True Love In William Shakespeare's Romeo And Juliet

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Love is such an extraordinary and unpredictable aspect of human life. In William Shakespeare 's “Romeo and Juliet,” two characters of youth, who happen be born and raised in enemy families, fall in love with each other. This supposed love leads to a horrible fate for the young Romeo and Juliet and many others.They fall in a great struggle to share their lives together while the world around the begins to fall apart. But is this love even worth it? Is it even sincere? Undoubtedly not. The love between Romeo and Juliet definitely does not happen to be true love, proven by the facts that the two are as good as strangers toward each other throughout the story and are far too inexperienced and newly bloomed into this world to make the decision…show more content…
Friar Lawrence gains awareness of this as he says this to Romeo the moment he informs Friar about this new Juliet: “Holy Saint Francis, what a change is here! Is Rosaline, that thou didst love so dear, so soon forsaken? Young men’s love the lies not truly in their hearts, but in their eyes” (2.3.69-72). As can be seen, Friar realizes how Romeo had had such a rapid change. His beloved Rosaline, which he could not make absent in his mind, has suddenly vanished from existence the moment Romeo gets a glimpse of the pretty face of Juliet. Romeo forgets about Rosaline when he sees Juliet, as he states “Did my heart love till now? Forswear it, sight, for I ne’er saw true beauty till this night”(1.5.59.60). Romeo notices how his love for Rosaline was not true, yet he still chooses to “love” someone new immediately, although this is just the same as his previous “love.” His judgement of the love he feels is based merely on beauty, although this is physical attraction, which heh does not understand. Romeo and Juliet are young and have not…show more content…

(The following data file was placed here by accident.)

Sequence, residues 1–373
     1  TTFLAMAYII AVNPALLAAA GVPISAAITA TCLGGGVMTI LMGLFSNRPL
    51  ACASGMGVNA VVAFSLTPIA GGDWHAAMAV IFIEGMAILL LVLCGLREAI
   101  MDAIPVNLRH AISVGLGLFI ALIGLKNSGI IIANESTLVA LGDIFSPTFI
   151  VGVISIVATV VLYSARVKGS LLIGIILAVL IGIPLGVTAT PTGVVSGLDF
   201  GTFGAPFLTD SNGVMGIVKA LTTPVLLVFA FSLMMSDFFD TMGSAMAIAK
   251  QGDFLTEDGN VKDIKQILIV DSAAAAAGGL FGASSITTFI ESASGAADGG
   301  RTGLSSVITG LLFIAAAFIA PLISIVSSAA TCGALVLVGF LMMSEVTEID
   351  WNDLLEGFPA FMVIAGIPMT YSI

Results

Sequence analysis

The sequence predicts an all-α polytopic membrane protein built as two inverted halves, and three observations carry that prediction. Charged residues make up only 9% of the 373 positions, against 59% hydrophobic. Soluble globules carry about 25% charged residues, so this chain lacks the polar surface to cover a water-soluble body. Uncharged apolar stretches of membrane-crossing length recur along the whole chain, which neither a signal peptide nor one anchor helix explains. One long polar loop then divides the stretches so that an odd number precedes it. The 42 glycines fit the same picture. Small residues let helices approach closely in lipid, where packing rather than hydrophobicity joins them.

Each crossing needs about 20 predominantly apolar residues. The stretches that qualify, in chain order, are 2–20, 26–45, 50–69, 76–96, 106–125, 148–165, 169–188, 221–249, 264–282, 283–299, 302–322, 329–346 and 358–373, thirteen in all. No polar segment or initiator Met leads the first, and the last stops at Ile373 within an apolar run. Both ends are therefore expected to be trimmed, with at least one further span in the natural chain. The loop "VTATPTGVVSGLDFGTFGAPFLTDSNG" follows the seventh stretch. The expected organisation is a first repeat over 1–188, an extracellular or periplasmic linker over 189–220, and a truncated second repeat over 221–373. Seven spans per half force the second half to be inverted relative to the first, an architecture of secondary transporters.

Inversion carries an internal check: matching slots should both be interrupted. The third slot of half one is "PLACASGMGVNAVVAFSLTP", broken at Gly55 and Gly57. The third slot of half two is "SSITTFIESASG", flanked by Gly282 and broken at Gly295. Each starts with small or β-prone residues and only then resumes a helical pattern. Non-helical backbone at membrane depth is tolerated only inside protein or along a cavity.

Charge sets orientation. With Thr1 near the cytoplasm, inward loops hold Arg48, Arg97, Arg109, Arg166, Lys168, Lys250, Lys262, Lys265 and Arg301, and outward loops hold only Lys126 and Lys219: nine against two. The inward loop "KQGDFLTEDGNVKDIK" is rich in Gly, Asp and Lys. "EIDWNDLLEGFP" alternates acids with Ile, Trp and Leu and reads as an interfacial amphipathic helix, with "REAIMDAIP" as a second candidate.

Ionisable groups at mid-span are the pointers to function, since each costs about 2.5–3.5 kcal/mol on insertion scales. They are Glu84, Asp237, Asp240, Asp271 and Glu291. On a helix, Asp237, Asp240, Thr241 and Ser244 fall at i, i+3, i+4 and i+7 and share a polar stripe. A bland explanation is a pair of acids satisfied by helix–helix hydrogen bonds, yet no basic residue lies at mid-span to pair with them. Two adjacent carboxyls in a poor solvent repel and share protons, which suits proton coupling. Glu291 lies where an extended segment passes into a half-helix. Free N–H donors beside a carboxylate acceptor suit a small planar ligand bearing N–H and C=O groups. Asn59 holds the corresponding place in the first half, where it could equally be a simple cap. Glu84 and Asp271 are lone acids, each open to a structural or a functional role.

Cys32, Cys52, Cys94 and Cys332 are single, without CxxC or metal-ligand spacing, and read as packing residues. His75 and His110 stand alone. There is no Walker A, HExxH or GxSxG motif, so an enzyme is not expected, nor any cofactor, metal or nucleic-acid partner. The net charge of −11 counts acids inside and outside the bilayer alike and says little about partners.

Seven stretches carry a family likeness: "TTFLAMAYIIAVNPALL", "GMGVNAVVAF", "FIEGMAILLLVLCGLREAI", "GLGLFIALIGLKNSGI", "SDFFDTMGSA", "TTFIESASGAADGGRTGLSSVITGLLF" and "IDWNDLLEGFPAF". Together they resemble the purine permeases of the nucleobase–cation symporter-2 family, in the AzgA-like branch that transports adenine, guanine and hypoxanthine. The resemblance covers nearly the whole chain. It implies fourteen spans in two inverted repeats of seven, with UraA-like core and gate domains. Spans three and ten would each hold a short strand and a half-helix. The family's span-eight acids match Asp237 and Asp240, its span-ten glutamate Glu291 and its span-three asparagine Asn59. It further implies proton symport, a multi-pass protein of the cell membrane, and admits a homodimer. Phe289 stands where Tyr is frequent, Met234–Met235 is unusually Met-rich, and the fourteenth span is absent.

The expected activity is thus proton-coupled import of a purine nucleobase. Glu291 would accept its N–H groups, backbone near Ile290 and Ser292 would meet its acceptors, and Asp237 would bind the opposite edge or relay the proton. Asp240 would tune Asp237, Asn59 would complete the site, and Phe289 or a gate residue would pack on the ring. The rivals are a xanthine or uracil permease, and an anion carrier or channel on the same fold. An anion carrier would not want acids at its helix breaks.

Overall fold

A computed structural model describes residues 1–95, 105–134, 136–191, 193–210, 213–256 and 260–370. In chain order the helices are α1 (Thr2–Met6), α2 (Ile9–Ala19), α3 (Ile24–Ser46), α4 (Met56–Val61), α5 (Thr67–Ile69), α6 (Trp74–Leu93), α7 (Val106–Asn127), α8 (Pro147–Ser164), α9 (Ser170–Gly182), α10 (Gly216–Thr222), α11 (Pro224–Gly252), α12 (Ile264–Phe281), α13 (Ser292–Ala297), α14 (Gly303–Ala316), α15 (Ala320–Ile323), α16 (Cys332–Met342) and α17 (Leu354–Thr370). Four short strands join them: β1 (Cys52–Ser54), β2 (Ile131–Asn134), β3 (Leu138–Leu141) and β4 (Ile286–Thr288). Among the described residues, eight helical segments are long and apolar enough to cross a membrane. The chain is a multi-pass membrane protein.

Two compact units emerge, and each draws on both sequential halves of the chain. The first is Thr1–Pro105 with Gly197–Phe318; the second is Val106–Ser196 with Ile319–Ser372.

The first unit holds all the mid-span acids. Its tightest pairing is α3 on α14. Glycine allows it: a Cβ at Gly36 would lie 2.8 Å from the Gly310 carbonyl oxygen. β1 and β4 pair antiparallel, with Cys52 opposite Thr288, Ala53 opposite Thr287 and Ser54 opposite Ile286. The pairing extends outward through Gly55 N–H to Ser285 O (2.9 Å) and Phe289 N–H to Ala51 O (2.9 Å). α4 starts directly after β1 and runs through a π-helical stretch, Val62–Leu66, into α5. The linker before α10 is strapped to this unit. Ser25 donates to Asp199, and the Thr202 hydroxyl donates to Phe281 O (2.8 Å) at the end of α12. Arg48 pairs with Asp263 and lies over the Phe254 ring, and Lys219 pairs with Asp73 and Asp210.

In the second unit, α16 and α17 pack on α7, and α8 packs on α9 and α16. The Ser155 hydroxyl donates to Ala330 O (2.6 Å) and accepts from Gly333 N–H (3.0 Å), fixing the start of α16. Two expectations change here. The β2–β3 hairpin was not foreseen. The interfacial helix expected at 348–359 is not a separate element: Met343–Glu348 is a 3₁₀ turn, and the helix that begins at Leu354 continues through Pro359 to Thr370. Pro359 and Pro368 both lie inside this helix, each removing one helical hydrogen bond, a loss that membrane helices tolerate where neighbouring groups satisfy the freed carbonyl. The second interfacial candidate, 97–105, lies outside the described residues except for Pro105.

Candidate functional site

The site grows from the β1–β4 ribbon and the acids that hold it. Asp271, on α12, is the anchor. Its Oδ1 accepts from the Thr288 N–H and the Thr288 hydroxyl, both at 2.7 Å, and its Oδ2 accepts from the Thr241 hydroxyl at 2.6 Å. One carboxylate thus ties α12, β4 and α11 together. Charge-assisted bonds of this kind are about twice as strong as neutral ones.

This can be shown by how Romeo was committed to marrying Juliet by saying, “I will not fail. ‘Tis twenty year till then. I have forgot why I did call thee back” (2.2.183-184). This quote from Romeo supposedly shows how he is determined to be with Juliet. He is excited and cannot wait to be with her, as he states how it will be twenty years of waiting; this is told as a metaphor. But this claim is nonsense, for when Romeo attends Friar Lawrence’s cell to explain to him about this, Friar is outraged and states, “Thou and these woes were all for Rosaline. ANd art thou changed?” (2.3.82-83). Friar, who had experienced Romeo’s woes and sorrow for weekes, who had struggled to maintain his sanity because of this, but now he is in his former superior state because Juliet is now put in the picture. What makes Juliet more favorable to Romeo is that she likes him back, unlike Rosaline. Juliet is same in Romeo’s eyes as Rosaline was, although in Romeo’s case with Juliet, the feelings of attraction are mutual, being the only existent difference between the two
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